(2) The non-payment of fees, either in full or part, by a person to his advocate shall not be a defence available for the advocate against whom such claim for compensation is made.

  • Advocates’ Role (Relevant to present issue)

Professional Conduct in Court

Advocate is an officer of the court. He is supposed to behave professionally i.e. showing greatest respect to the judicial officers. Present report shows many cases decided by higher judiciary mentioning unprofessional, unwanted, undesired behaviour of the advocate.

Ethical Conduct

Advocate carries greater responsibility towards their clients. In absence of this, it defeats very purpose of justice. Advocate should stop being decision maker in the case. He/She should guide the client(s) properly so that they can take the decision in right manner. Presently advocates have become decision maker in the cases rather than being a guide. As a decision maker they tend to forget their professional duties and end up doing professional misconduct as cited by higher judiciary in various cases.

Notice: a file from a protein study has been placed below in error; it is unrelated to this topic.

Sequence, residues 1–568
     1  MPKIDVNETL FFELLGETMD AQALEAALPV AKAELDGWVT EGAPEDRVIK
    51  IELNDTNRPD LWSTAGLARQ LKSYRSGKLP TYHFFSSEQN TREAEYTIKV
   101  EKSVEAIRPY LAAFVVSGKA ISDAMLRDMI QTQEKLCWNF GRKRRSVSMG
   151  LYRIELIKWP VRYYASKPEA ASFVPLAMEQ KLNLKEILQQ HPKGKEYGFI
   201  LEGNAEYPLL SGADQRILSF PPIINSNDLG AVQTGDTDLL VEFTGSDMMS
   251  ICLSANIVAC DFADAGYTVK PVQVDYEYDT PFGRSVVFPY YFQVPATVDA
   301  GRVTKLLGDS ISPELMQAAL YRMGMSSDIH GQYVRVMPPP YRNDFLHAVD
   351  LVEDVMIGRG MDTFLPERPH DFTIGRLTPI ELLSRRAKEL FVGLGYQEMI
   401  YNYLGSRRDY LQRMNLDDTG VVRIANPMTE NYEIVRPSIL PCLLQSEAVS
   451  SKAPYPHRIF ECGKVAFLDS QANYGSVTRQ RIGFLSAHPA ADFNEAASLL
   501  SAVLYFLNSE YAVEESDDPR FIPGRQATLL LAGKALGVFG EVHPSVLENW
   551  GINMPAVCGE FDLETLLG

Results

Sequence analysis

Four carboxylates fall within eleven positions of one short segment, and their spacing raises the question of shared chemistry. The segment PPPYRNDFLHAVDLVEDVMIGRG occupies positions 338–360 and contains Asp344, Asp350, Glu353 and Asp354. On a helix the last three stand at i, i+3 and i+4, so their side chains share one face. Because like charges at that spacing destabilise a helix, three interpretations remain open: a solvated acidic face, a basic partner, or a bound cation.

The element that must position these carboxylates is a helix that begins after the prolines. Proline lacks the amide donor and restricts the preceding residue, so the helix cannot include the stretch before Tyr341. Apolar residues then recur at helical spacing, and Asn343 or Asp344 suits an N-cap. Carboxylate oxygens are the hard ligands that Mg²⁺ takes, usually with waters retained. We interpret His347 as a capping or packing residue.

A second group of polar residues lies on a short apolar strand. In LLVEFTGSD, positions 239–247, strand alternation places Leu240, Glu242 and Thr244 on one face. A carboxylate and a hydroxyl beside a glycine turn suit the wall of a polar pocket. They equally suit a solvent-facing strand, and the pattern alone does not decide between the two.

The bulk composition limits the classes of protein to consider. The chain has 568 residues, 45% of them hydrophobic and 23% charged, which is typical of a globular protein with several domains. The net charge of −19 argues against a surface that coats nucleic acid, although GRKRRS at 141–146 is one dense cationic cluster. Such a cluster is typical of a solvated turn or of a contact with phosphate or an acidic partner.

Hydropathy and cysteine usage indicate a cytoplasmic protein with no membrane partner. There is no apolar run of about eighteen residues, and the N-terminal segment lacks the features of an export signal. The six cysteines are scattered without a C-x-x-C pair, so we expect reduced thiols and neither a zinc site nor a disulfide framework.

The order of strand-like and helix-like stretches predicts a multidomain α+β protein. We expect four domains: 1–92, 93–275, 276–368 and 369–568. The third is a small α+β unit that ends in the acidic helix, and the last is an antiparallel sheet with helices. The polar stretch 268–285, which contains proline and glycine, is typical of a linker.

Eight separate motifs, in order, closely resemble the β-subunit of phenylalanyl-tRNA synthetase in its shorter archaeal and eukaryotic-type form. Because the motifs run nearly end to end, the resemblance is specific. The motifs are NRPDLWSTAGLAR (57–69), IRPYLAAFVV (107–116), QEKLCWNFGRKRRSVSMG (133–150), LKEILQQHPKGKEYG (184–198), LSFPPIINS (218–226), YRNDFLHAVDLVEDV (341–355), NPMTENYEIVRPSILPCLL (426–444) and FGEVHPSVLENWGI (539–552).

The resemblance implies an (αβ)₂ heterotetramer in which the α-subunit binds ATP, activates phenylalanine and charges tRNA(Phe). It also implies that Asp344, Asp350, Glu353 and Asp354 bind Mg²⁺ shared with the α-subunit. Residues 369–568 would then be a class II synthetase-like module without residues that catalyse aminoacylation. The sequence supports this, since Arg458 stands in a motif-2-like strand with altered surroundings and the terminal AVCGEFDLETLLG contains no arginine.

• Final Remarks

Looking at above observation we can conclude that the report prepared by the law commission has been prepared in haste without looking at overall aspects of the issue. Report contains some features which ought not to be there. Bar Council of India prepared draft amendments without giving much publicity to most affected stakeholder i.e. advocate. Proposed amendment gives unlimited power in hands of judges and especially clients which may hamper advocate’s professional skills and efficiency.

It is recommended that Law Commission of India and Bar Council of India further look into the present report, proposed amendments and remove inconsistency so that we can have balanced and efficient legislation in place.

*Text of the report on the Advocates (Amendments) Bill, 2017 submitted to the Law Commission of India by Dr Gupta, law teacher and researcher, Surat, Gujarat